Welcome to the Valley

As I wrapped up graduate school in the spring of 2010, Forrest and I started brainstorming for real where we were going to live. We knew we wanted a small town but weren’t quite sure yet how we were going to make that happen. About that time, I read The Big Burn: Teddy Roosevelt and the Fire that Saved America by Timothy Egan. While I doubt that the fires of 1910 saved America although they certainly influenced the growth of the newly formed US Forest Service), it did introduce me to the existence of Wallace, Idaho. I put out some cover letters and resumes to EPA contacts working in the area but nothing much came of it and in July, after our adventures around the country, we found ourselves in Missoula, Montana. Fortunately, we didn’t stay in Missoula very long because I found a job in Wallace. We bought a house in Mullan (about ten miles from my work), population 692. (Census, 2010)

Mullan, April 2011

Mullan is located at the far eastern end of the “Silver Valley.” Headed west along I-90 from Mullan, one passes through the valley’s other towns: Wallace (pop. 784), Osburn (1,555), Kellogg (2,120), Smelterville (627), and Pinehurst (1,619). Along with the communities on the North Fork of the Coeur D’Alene River (Prichard, Murray) and on the St. Joe (Avery) Shoshone County is home to just 12,765 people, or 4.8 people per square mile. However, almost all of these people live within a mile of I-90, with 87% of the land area being classifed as “forest uplands” compared to less than 1% classified as “urban or developed.” (Shoshone County Forest Health Collaborative)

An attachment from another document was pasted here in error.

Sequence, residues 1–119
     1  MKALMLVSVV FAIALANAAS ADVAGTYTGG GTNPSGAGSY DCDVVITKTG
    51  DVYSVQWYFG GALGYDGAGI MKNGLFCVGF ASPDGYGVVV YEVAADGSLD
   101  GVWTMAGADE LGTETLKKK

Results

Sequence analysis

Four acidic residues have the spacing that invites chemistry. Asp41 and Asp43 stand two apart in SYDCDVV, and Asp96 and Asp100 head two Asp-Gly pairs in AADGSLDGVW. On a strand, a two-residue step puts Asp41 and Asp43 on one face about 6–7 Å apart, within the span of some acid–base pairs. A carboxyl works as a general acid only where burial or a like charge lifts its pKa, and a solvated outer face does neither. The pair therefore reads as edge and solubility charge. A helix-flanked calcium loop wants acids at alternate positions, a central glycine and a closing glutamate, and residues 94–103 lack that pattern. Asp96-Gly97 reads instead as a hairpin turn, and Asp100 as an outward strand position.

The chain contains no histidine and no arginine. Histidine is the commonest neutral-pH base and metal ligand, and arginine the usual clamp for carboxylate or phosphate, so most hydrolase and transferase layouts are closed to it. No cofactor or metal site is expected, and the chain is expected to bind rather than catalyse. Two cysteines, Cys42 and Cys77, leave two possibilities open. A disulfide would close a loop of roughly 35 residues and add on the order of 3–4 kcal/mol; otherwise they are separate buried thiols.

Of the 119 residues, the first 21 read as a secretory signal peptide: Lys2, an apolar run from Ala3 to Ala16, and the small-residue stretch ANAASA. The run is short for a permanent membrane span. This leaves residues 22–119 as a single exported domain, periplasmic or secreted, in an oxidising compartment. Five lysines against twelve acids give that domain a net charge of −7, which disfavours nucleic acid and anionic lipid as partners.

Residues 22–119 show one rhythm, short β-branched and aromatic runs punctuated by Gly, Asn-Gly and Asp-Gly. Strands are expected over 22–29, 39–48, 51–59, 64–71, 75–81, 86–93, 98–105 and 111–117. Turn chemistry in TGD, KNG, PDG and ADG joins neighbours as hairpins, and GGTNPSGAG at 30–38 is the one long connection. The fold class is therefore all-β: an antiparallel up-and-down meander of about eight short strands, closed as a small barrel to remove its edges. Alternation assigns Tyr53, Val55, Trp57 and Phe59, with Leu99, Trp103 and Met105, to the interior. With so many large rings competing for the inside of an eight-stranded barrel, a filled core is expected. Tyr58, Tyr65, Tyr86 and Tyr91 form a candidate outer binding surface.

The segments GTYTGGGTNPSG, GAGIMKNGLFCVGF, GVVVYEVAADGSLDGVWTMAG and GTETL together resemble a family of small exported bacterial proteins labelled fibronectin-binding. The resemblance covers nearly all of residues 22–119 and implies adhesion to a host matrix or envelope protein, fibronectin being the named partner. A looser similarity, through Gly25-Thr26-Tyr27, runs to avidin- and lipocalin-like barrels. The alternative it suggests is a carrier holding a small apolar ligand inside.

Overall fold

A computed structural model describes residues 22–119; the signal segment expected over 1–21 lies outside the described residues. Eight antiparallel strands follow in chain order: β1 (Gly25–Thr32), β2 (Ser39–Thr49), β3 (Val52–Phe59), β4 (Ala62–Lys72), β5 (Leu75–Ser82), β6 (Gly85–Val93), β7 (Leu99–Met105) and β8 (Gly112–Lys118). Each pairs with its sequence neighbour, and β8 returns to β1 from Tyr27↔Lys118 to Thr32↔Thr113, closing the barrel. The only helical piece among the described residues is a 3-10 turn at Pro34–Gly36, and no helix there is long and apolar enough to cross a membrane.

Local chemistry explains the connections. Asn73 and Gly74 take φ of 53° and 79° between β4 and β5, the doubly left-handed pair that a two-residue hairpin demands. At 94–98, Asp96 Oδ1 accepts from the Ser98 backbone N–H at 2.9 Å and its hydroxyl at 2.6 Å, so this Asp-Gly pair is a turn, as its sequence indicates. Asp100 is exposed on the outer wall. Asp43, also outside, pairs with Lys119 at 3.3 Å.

Shoshone County incorporated areas, Mullan is circled in red.

Periodically, I plan on blogging about various facets of Silver Valley life and history. I live in a unique little corner of the world and love to share it!

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